Improved Nutrition for Ugandan Poor Child (INUPC), is an NGO working with local community to improve children nutrition through promotion of bio-fortified crops and fruit trees.
The problem we aim to solve
The local communities where hidden hunger is more rampant have largely depended on their locally indigenous grown crops such as root tubers, grains, fruit crops, banana and vegetable of which most of these lack important nutrients like vitamins (vit. E, B complex, A and C ) and micro nutrients( iron, phospherous, calcium, zinc) as a result of poor agronomic practices that has left soils exhausted lead to low yields and the crops genotypic characteristics.
The project will devote a good portion of project intervention to farmer field days and cooking competitions/ camps where the appropriate food preparation and preservation methods will be extended to participants. The major emphasis will be put on cultural methods of crop growing targeting on more production of organic foods which are relatively cheap to produce in rural areas. To bridge the gap scarcity during dry season drought resistant crops and irrigation methods will be taught to farmers. Wastage of surplus food crops especially the root tubers and vegetables can be conserved for use during time of scarcity in dry season. The appropriate way of conserving such materials is by use of solar driers.. This drying enables a prolonged storage period and eases marketability of such material to a wider market area than marketing of fresh material.
Accessibility to clean water is also another important factor to consider fighting against hidden hunger. In rural areas clean water can be accessed to local communities through rain water harvesting techniques during rainy season, construction of protected shallow water wells, water purification mechanisms. The enrolment of the projects into school will help the school going children to acquire knowledge and skills of agricultural production, food handling and processing through their agricultural clubs.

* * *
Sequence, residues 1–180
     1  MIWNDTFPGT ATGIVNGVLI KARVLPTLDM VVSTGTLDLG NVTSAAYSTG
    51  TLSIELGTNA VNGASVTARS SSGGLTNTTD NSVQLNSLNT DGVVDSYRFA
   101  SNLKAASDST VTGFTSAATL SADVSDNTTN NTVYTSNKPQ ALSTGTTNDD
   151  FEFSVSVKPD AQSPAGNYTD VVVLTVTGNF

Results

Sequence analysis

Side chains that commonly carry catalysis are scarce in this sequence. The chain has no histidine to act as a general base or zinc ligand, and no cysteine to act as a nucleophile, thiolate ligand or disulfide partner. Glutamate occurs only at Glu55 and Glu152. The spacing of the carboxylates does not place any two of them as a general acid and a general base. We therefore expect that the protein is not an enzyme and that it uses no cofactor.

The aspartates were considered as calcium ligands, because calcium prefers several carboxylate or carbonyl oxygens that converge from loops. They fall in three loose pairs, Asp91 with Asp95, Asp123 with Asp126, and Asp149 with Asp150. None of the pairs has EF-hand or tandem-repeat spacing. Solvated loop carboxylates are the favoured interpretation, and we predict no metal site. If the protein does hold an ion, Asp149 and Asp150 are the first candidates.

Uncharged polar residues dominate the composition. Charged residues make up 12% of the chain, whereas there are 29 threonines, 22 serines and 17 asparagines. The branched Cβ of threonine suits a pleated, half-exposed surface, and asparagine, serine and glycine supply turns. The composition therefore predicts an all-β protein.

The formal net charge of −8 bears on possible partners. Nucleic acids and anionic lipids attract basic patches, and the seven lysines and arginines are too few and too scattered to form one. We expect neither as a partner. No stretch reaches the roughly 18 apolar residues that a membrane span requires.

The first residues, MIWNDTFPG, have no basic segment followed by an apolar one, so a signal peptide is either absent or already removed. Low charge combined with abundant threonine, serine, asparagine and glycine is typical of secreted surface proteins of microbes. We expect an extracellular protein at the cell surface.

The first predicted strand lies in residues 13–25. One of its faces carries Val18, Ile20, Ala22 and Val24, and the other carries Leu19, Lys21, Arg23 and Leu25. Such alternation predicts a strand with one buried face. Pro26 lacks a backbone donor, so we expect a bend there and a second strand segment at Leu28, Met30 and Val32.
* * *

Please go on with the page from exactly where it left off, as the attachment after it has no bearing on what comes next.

The innovativeness of our approach
The community based approach gives a deeper sense of project ownership to a community. In rural areas growing vegetables may be cheaper than managing animal farms. The multi stakeholder approach is so innovative in that the factors that affect the intake of nutrients and the possibilities of the project failing to meet its objectives are minimized as much as possible. The different channels of information helps in reaching a wider range of stakeholders. The enrollment of the project in schools allows children to copy the ideas in their homes.
Technologies and Methods
- Farmer field days and Farm visits; Farmer field day a special occasion that will be organized mostly at the peak of growing season where different activities pertaining the growing crop are done
- Print media such as T-shirts, caps and school bags
- Farmer groups; Farmer groups are organized individual farmers who come together to share knowledge in achieving a common goal
- School agricultural clubs
- Agricultural camps and competitions
- Local radio stations
- Church Announcements
- Community meetings
- Local Governing Councils. The political will is so much important in success of any project in a given community.
- Health Center Units
- WorldVision: the structures set by this organization can also be used by
- Samaritan Purse Uganda, a relief organization also working with disadvantaged communities
- National Agricultural Research Organization
- College Food and Nutrition, Makerere University
- Caritas Uganda
Voting ends on June 24, 2018, 11:59 pm (CEST).
Aharinta k. Faith